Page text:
Spotting a deer in the wild is a fascinating experience, especially when you encounter one near your own home. Thinking about where that deer came from can suddenly change the way you look at about your own environment. Thinking about how a deer sees your neighborhood will help you notice things you might never have considered.
After you encounter a deer, you might wonder why you happened upon it in the first place. Why was it near you? What was it doing? What did it want? Understanding the answers to these questions will help you understand the environment around you far better. In order to answer these questions, you’ll have to learn a little about why deer live where they do. These are the top four favored living environments for common white-tailed deer. If you live near one of these, then deer live near you!
Coniferous plants are perennial, cone-producing, needle-bearing trees and shrubs like pine trees. Coniferous trees are evergreen, meaning they maintain their full body of needles all year. These needles provide a source of shelter, warmth, bedding, and even food for deer, even in winter. Coniferous shrubs and trees also help hide deer from predators while they sleep. In winter, pine tree’s low, dense branches also provide cover from wind and falling snow.
Deer often sleep close to the trunks of pine trees to maximize the cover and shelter they provide. Dense concentrations of pine trees and other coniferous trees are particularly popular with deer. Many deer may live in relatively close proximity amongst particularly dense forests of coniferous trees. Stands of coniferous trees are sometimes called “deer yards” because they’re an ideal environment for resting herds. If you see deer near your home quite frequently, it’s probably because you live near some attractive pine trees!
Tall Grass and Brush
Deer are herbivores who feed on grass, twigs, stems, weeds, and other associate brush. They tend to sleep during the day and come out to feed in twilight or darkness. To sleep comfortably during the day, however, they require bedding that will hide them from potential predators. On the other hand, deer also want to sleep somewhere sunny, so they can absorb sunlight to keep warm. This is especially important in the winter, because deer never hibernate.
Tall grass and brush can often satisfy both of these somewhat contradictory requirements. Tall grass capably conceals a deer’s bedding place, but unlike trees, it won’t block sunlight. Deer can rest in tall grass during the day while warming up to prepare to forage at night. Fields of tall grass also give deer the opportunity to graze for food without leaving their hiding places. Their food is their hiding place!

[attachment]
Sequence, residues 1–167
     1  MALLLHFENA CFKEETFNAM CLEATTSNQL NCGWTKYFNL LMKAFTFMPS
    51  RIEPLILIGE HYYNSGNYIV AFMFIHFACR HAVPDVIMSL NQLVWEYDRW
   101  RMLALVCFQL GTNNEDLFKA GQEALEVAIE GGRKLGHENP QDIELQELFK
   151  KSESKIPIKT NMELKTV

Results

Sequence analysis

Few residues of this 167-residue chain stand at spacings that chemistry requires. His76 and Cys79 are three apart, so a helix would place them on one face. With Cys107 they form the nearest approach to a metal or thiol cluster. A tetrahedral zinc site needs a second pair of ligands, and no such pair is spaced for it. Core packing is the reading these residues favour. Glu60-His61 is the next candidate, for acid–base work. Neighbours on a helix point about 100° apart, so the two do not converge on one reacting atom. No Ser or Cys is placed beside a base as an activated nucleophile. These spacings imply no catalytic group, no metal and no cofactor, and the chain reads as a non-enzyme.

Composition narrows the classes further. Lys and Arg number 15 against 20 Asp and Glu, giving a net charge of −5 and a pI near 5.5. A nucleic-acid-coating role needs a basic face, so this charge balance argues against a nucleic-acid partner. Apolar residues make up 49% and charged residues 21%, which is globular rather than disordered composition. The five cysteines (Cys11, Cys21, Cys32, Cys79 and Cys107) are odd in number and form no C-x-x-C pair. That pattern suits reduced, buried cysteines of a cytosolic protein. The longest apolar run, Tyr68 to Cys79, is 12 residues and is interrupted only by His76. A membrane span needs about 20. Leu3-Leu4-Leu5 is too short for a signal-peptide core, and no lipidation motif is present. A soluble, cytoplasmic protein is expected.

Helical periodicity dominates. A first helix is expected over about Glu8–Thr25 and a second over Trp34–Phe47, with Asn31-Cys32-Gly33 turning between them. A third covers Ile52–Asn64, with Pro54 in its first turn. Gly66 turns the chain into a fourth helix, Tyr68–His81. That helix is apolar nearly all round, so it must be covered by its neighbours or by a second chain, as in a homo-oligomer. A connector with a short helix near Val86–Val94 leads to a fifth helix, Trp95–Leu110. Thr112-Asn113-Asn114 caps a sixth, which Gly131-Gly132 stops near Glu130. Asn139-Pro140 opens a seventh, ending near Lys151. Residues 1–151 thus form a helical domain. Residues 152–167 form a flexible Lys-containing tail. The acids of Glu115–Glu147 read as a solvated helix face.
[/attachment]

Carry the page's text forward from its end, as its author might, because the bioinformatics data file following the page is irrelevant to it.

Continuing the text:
Just like everything else, deer require a constant source of water to survive. Most deer tend to stick close to a large, consistent source of water like a lake or stream. They’re particularly fond of swamps, riversides, or wetlands, because these areas also produce plentiful vegetation they can feed on. Deer typically live inside a square mile radius centered on their water. This radius may change slightly in winter, when food and cover become harder to find.
During the day, deer hide in brush and overgrowth near their water sources. Starting around twilight, they venture out to drink and graze on nearby vegetation. They may venture closer to populated areas at night as they feed and look for bedding. You may also spot them on riverbanks or clearings near water. Deer are so cautious that they even tend to drink water from the best hiding places they can find.
By now, you’ve no doubt noticed some patterns of deer behavior. Deer are highly cautious, shy, and careful animals. Their first instinct when choosing a place to live is to look for a place where they feel safe. For deer, safety means cover, shelter, and hiding places. Pine trees and tall grass serve these functions well, but any overgrown, forested area will do. Even if deer can’t find their ideal environment, they’ll make due with what they can find just fine.
Deer thrive in any environment with plentiful food, water, and shelter. They can feed on virtually any plant life, but they prefer grasses and soft leaves. Likewise, they’ll live near any water source, but they prefer running water like streams and rivers. Evergreen plant life provides better shelter for deer than deciduous plant life. The denser the overgrowth, the better it can conceal and shelter deer.
Thinking about how an animal views the world can transform your understanding of the environment around you. Next time you’re on a walk around your neighborhood, try to spot some of these ideal deer environments nearby. You might be surprised what you discover!
Of course, sometimes you don’t need to go far to study animal ecosystems–because they’re a little too close to home. In those cases, feel free to give Varment Guard a call any time. We’ll take care of your trouble so you can get back to appreciating nature–from a safe distance.BACK TO BLOG